And the information in the report found its way into a 2007 posting about the City of Waukesha's diversion request, too.
Though some suburban officials have said 'over-our dead-bodies,' one prominent consultant paid by the Waukesha Water Utility proposed a while ago that the key to water sales to the suburbs west of the Great Lakes Basin was sharing new property tax revenues with Milwaukee.
The story is reprinted below intact from a guest posting I wrote last year for Bill Christofferson's Xoff Files blog - - in a simpler time when I had no blog of my own...
It all involves a memo, dated June 10, 2004, "Arguments For and Against the City of Milwaukee Selling Water to the City of New Berlin," found, oddly enough, in the files of the Waukesha Water Utility...
Citing City of Milwaukee records and analyses, the memo indicated that 42 businesses from Milwaukee had migrated to New Berlin's Industrial Park when it opened, suggesting both that more industrial flight could follow water diversions and sharing tax resources as part of a diversion package could minimize Milwaukee's revenue losses.
"The losses had a negative impact on Milwaukee's industrial assessment and resulting property tax revenues," said the memo. "The sale of water to New Berlin could have a similar negative impact on Milwaukee industry during the decade."
Interesting, isn't it, that many basic public policy questions about regional cooperation, water management, job creation, land use and transit which were central to New Berlin and Waukesha's water-diversion-and-planning schemes arise again as Foxconn needs Lake Michigan water to change the face of Racine County to Milwaukee's south.

It's important that the City of Milwaukee has an LRB that will continue to raise the issues that Walker's special-interest and idologically-driven 'chamber of commerce mentality' government is all too happy to ignore.


Sunday, April 22, 2018

Wash Post rediscovers Walker, phony 'Midwestern nice' pol

We in Wisconsin know all about Walker and the undeserved 'Midwestern Nice' moniker he grabbed during his 90-second run for President in 2015.

So of course he's back kicking the poor as I noted recently now that he's running for another term as Governor. And is in such a campaigning froth to dog whistle and snatch away food from the poor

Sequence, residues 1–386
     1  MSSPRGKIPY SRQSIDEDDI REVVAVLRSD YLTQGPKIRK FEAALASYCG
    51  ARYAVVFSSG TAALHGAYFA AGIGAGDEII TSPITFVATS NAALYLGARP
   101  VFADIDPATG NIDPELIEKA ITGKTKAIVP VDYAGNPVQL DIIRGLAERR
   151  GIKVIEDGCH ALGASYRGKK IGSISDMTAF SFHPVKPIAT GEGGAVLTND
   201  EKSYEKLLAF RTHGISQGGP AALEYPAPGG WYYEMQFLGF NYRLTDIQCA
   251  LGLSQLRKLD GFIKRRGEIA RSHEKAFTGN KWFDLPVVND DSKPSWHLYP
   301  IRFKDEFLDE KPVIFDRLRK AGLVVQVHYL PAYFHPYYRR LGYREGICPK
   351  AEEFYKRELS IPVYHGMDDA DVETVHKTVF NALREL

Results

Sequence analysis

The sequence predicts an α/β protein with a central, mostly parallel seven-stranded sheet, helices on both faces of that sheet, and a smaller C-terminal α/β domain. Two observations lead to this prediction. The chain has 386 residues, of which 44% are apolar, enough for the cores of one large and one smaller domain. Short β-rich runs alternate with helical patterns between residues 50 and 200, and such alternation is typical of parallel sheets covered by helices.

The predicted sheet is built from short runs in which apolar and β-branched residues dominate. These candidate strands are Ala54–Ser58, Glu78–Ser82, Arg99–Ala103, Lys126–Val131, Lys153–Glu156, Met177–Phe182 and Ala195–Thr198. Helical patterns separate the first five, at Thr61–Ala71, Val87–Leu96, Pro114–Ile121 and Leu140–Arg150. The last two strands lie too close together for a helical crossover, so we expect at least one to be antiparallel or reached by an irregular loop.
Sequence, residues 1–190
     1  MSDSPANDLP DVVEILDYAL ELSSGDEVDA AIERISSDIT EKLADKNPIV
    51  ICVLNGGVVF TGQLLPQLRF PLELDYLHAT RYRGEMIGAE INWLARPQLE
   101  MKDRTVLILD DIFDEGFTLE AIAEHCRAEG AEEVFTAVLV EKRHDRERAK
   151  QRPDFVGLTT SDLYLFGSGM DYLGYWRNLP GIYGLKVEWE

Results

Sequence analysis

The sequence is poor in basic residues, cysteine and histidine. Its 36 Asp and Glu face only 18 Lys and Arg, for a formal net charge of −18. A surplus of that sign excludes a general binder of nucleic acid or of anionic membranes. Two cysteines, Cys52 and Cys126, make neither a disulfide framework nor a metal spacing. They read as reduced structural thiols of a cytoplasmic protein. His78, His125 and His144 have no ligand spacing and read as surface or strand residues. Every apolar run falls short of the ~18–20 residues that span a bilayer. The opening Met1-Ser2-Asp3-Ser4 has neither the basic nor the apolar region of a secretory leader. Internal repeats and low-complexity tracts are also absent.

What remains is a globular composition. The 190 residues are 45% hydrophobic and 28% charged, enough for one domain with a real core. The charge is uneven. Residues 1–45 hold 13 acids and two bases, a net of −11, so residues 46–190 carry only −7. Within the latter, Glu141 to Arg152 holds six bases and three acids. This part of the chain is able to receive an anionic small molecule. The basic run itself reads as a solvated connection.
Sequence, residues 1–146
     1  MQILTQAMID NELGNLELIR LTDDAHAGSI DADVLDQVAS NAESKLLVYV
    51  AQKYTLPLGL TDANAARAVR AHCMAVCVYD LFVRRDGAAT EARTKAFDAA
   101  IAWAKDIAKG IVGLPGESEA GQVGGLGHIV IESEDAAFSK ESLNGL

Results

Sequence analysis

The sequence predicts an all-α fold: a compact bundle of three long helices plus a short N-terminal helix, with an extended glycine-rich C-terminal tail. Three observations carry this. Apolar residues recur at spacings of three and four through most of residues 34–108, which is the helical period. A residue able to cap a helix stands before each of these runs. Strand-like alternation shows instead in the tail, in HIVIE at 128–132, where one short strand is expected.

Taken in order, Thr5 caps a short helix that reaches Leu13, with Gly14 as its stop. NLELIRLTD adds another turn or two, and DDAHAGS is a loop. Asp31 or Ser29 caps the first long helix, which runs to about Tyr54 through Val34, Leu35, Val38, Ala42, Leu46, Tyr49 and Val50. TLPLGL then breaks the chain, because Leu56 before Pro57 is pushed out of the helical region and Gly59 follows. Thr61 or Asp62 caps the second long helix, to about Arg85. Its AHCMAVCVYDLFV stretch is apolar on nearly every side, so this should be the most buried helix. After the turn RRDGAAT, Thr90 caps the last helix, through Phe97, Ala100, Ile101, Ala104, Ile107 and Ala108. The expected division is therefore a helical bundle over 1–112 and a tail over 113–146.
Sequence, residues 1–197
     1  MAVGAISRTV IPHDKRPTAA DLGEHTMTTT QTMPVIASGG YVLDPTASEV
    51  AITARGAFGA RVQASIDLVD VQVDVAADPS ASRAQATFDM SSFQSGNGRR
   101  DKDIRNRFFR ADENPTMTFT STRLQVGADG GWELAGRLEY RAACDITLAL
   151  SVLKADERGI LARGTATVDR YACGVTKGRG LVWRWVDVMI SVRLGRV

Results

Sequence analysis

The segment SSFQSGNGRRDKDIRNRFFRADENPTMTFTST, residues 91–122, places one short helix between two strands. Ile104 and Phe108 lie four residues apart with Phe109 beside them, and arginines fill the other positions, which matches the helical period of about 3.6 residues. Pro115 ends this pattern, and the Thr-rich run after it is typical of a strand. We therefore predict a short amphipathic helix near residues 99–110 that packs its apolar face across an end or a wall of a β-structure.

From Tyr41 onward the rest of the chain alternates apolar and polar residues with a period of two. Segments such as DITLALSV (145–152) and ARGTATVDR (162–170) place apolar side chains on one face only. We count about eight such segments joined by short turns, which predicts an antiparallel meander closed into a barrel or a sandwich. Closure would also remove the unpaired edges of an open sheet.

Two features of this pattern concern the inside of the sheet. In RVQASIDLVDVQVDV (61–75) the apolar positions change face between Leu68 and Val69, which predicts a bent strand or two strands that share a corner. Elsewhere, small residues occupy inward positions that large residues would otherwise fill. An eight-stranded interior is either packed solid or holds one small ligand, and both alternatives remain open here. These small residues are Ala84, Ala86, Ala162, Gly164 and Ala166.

at the same time that he was unaware or unconcerned about the self-parody about entitlements he'd put up on Twitter.
Oblivious to his 26 unbroken years on public payrolls, the state-paid mansion he lives in and state-paid car and airplane fleet he can access 24/7, Walker does everything except conjure 'welfare queens.' 
 Apr 10
Our welfare reforms also set common sense asset limits on public assistance so people with big mansions and fancy cars don’t get welfare checks while hard-working taxpayers have to pay the bills.
So congratulations to the The Washington Post for rediscovering the insidious effect Walker has on equally craven, self-serving careerist politicians and, regrettably, on the less fortunate who Walker enjoys using as talking points and pawns:
Wisconsin is the GOP model for ‘welfare reform.’ But as work requirements grow, so does one family’s desperation.
Yes, read all about it. Restrictions, evictions, struggle, anxiety, and fear, as the Post notes:
Since Walker put work requirements into place, the Health Services Department said it has cut spending on food stamps by 28 percent, from $1.2 billion in 2013 to around $867 million in 2017. Officials said 25,000 food stamp recipients — out of a statewide total of 700,000 — have found work.  
State officials also said that more than 86,000 people have lost their ability to get food stamps and did not report getting new jobs.
There’s been no government study examining what happened to them.


WI Gov's Earth Day message: 3 words, 1 exclamation point, emoji

WI's right-wing GOP Gov. and corporate bellhop captain threw himself into comprehensive Twitter and Facebook Earth Day commentary.

Here is his identical, incisive and action-packed posting from both platforms. 

Happy Earth Day! 🌎
I'd put up this blog item on Saturday about Earth Day, 4/22, and a few other things, and in retrospect, I'm glad I managed to write about you know whom without mentioning his name
We were all fortunate to have lived in Wisconsin when Gaylord Nelson, Earth Day's originating inspiration, served the people as Governor and US Senator, and left additional legacies as varied as the Knowles-Nelson Stewardship Program and a strengthened Wilderness Society.
The contrast with how far away from his legacies and through how much toxic and partisan mud we've been dragged - - and for whom - - is as obvious as is the need to begin repairing all that on election day, November 6th, 2018, or what we in Wisconsin should be calling Earth Day 2018 2.0.

Also don't read too much into Walker's use of an exclamation point!

That's rather routine for him - - 

. Excited for the 2018-2019 season. Looks like the thinks Green Bay will compete for the Lombardi Trophy!
- - unlike the triple !!! he threw Trump's way a few weeks ago about tariffs hurting Wisconsin dairy farmers:
Walker said he spoke with Trump Monday and Tuesday about the dairy crisis.   
“It was great to talk to you this morning,” Walker told Trump on Twitter after the conversation. “Thanks for supporting WI dairy farmers!!!”
Editor's note: Emoji spelling corrected in headline.




Saturday, April 21, 2018

About Earth Day, 4/22. And Earth Day 2.0, 11/6. And everyday.

A word or two about Earth Day 2018.

We were all fortunate to have lived in Wisconsin when Gaylord Nelson, Earth Day's originating inspiration, served the people as Governor and US Senator, and left additional legacies as varied as the Knowles-Nelson Stewardship Program and a strengthened Wilderness Society.